Album | Kate Rusby – Life in a Paper Boat

In Great Britain, Kate Rusby is nothing short of a national treasure, yet stateside she remains a largelykate4 unheard commodity. 14 albums in, her 24-year career has set an unrivaled standard for quality. Life In A Paper Boat does nothing to change that. There are some departures from her standard instrumentation, however. Bassist Duncan Lyall spends a great deal of time playing synthesizer. Dan Tyminski from Allison Krauss’s band provides backing vocals, while Ron Block adds his banjo to the mix.

A brilliant interpreter of traditional material, Life In A Paper Boat also finds Rusby writing six of the 12 tracks. Produced by husband and guitarist Damien O’Kane with Nick Cooke on diatonic accordion, Steven Byrnes, on bouzouki and tenor guitar, Steven Iveson, on electric guitar, and Josh Clark on percussion, much time was spent honing the sound. Rusby wanted more percussion on the disc, but insisted on having the percussion be generated elsewhere “… to really emphasise the union between old songs and modern musical technology.” The surprise is how well this union works.

The musical choices on ‘The Witch Of Westmorland’ shed some light on what makes this disc so intriguing. Synthesizer plays a prominent role, yet never in a flashy or showy way. The critical element is always the song. So instead of a distraction it serves to move the song into a more modern context while retaining all the elements that make the song one in the folk tradition.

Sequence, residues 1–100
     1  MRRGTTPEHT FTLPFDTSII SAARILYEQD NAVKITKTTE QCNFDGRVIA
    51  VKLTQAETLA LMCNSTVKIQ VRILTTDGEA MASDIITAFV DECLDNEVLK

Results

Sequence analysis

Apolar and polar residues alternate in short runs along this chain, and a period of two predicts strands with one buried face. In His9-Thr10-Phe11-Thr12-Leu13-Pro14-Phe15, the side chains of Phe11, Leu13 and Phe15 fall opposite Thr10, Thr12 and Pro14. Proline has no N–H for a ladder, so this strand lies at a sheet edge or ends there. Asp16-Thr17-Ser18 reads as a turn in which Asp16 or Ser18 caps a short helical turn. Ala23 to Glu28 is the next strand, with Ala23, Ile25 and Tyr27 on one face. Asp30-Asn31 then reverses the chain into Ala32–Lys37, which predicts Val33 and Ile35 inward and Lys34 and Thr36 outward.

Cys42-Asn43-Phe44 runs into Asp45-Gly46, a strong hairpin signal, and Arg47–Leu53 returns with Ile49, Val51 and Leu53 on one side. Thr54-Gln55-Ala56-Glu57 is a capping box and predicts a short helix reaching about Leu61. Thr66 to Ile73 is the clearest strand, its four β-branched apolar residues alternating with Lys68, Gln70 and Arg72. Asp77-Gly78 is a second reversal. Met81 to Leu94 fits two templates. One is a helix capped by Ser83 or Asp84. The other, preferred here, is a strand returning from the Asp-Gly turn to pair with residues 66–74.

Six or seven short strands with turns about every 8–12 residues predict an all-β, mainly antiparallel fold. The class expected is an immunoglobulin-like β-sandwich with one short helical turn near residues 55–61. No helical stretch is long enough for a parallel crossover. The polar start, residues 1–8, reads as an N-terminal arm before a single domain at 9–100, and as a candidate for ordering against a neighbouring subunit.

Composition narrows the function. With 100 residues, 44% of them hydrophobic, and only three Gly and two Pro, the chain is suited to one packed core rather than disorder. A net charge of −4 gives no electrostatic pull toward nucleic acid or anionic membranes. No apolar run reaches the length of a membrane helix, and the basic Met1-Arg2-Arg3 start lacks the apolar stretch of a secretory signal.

Album opener, ‘Benjamin Bowmaneer’ recounts the plight of a tailor who goes off to fight in the 100 Years War with a wooden horse and a bridle of scissor parts. The context for the song ‘Life In A Paper Boat’ is the ongoing migrant crisis. As Kate recounts, “I wrote Life In A Paper Boat after watching the many desperate souls prepared to risk the lives of themselves and their very young families to cross the sea in hope of a better, safer life.” Unrequited Love is the theme of ‘Hunter’s Moon’, a tale of the moon’s unrequited love for the sun she will never meet.

Closing the album is ‘Big Brave Bill’, a bonus track offering up a Yorkshire Tea-drinking superhero from the wilds of Barnsley. Written for Kate’s two young girls, the idea was to give them a sense of pride in their hometown. “The town’s made up of tough ex- miners, and kind hearts who have suffered over years gone by, but they carry on and endure and grow. Perfect hero stuff.”
Blending the old and the new – in both songs and instrumentation – Kate Rusby has once again shown that one can marry disparate elements in a way that serves the needs of the song, creating a folk tradition that continues to live and breathe.


Words: Bob Fish